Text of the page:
In many of his works, Claude Debussy let go of the traditional tonality and allowed the music to embrace new forms. In 1915, disheartened by the ongoing war and extremely ill with cancer, he composed the two Étude Collections, each with six études, which were his last major works for the piano. With Frédéric Chopin as a model –to whom the twelve études were also dedicated – each piece focuses on a specific technical piano challenge. Like Chopin’s études, Debussy’s are also grand music and challengingly difficult to perform. Debussy said that they could serve as a warning to anyone who had the ambition of becoming a concert pianist, “as you need to have exceptional hands”.

Another of the greats of French music is Maurice Ravel, who has been an important source of inspiration for Betsy Jola. In Signets – Hommage à Ravel, from 1987, she discreetly but recognisably moved towards Ravel’s piano music and pianist style. Olivier Messiaen was also interested in Ravel’s music, and Debussy’s. But what really occupied his thoughts was birdsong. Messiaen composed a lot of piano music based on the songs of various birds. In Fauvettes de l’Hérault – Concert des garrigues, the music is based on the birds of southern France and Japan. Originally, this music was supposed to be an ensemble, but Messiaen never completed the work. The French pianist Roger Muraro has now put together a score for the piano, as Olivier Messiaen left comments and musical notes scattered among various notebooks.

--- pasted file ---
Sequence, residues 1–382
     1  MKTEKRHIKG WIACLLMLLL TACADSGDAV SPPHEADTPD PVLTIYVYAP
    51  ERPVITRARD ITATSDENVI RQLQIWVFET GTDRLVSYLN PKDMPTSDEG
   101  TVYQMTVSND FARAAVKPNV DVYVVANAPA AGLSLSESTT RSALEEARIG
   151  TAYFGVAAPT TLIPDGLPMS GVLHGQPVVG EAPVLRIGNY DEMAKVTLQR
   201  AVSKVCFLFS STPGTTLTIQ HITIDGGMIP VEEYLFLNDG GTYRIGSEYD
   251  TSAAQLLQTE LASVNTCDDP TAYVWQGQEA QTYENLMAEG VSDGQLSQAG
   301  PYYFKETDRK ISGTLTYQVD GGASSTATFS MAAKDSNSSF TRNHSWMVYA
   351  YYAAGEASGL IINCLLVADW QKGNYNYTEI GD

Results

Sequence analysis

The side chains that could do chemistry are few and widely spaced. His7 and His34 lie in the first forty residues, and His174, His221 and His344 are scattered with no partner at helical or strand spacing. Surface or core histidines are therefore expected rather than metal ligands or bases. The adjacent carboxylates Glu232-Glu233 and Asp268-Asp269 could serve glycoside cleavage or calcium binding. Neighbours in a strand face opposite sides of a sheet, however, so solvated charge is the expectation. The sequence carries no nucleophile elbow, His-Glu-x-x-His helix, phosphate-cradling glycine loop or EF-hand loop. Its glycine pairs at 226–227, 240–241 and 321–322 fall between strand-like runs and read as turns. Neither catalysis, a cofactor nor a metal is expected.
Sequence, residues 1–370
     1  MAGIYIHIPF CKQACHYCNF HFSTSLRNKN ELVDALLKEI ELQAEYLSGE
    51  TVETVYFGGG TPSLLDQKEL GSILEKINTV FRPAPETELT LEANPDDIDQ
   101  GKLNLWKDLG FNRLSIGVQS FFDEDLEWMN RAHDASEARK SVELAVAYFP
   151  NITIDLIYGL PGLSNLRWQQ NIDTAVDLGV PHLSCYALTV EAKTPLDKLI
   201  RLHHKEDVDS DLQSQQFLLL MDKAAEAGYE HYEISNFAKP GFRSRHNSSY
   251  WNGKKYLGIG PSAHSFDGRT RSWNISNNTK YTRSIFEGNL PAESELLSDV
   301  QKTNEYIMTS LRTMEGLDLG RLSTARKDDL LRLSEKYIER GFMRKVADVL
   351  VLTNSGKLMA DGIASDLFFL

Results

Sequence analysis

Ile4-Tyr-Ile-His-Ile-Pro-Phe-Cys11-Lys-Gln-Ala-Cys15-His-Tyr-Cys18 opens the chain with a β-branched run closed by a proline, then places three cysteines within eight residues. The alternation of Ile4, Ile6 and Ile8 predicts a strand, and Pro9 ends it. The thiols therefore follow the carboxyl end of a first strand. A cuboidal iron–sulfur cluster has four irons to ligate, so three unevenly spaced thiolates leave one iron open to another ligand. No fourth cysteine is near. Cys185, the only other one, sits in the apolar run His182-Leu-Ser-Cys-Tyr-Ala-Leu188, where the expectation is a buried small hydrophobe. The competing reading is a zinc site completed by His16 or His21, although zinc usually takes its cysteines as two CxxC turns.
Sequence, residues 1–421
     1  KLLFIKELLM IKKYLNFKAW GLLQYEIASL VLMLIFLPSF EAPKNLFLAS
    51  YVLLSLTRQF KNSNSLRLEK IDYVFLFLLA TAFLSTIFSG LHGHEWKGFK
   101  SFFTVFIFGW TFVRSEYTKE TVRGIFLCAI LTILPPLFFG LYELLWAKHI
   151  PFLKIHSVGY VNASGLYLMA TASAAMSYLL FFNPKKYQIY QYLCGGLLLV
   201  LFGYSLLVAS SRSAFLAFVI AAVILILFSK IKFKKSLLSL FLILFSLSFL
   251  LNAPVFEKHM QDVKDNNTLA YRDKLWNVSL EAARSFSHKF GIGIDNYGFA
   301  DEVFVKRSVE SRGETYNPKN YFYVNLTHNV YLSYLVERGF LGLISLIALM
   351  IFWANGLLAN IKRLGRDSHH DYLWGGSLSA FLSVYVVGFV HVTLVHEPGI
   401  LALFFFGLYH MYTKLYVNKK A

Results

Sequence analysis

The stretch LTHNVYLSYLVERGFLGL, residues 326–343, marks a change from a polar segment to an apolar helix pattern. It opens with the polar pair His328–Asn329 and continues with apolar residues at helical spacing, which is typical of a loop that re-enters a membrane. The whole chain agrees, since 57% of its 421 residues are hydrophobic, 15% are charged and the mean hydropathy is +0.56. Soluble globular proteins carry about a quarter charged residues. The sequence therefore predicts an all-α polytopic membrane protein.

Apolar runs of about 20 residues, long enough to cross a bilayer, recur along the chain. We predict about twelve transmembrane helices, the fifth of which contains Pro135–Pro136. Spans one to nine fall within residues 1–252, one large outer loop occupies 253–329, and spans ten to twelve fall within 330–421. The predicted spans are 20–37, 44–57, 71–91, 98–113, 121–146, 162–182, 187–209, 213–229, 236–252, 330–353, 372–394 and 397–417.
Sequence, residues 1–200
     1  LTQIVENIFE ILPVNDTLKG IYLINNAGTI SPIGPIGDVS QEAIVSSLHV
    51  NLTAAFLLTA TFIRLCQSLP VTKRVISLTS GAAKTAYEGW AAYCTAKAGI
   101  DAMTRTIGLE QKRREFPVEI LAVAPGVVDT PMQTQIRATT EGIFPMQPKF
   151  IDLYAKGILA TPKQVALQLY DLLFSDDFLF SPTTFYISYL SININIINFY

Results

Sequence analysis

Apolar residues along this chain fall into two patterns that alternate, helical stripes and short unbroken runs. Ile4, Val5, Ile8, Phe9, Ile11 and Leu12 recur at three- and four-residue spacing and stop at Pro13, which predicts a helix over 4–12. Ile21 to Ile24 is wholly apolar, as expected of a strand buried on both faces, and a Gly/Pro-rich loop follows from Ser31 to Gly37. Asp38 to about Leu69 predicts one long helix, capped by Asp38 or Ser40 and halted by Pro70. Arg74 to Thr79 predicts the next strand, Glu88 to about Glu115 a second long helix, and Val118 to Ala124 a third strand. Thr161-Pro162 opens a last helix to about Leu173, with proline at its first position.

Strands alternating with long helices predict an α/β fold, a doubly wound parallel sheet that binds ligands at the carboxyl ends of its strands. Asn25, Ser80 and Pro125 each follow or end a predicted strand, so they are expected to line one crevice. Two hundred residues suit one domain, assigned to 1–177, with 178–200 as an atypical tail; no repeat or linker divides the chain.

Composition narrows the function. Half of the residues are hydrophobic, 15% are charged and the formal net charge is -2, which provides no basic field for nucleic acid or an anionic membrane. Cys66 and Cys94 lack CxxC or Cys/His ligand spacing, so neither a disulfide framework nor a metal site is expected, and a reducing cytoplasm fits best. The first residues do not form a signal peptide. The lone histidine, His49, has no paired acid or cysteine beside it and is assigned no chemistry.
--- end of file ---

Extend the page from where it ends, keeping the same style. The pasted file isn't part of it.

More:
Bernd Alois Zimmermann chose to remain outside the traditional groupings of European music. He composed tonally, and atonally, sometimes both at the same time. He liked using Arnold Schönberg’s twelve tone technique, but also got inspiration from Bach, Beethoven, Mozart, Gregorian chants, gospel and jazz. About his early two-movement quartet, of which allegro moderato will be performed here, Zimmermann wrote: “I’m still working on my quartet. It is probably the most concentrated I’ve written – and the most abstract.”

We will experience a completely different world of sounds with Mozart’s dark melancholic quintet from 1787, which was not one of Mozart’s happiest years. He was frustrated by a lack of success in Vienna, and his father Leopold was also very ill. He wrote a letter to his father, which would be the last correspondence: “…I have heard some news that makes me very sad, not least because I got the impression from your last letter that you were fortunately doing well. But now I hear that you are very ill! ”

We hear Mozart’s despair. The tone is g-minor, his most demonic, which he used to describe his inner pain.

/Göran Persson

The concert is recorded by Sveriges Radio P2

Picture: Roger Muraro ©Bernard Martinez

WED 19 SEP 6 p.m. Palladium Malmö

In collaboration with  Salomon Smith Kammarmusikförening


Claude Debussy Etudes, 1 livre
Betsy Jolas Signets – hommage à Ravel
Olivier Messiaen Fauvettes de l’Hérault – Concert des garrigues First Scandinavian performance!
Roger Muraro, piano

Bernd Alois Zimmermann Allegro Moderato from String Quartet
Quatuor Modigliani

Wolfgang Amadeus Mozart String Quintet no 4 G Minor KV 516
Lise Berthaud, viola; Quatuor Modigliani

Tickets: 340 SEK; students and children up to and including 17 years of age: 170 SEK

This concert is part of the Festival Package

Discount Sydsvenskans Stjärnklubb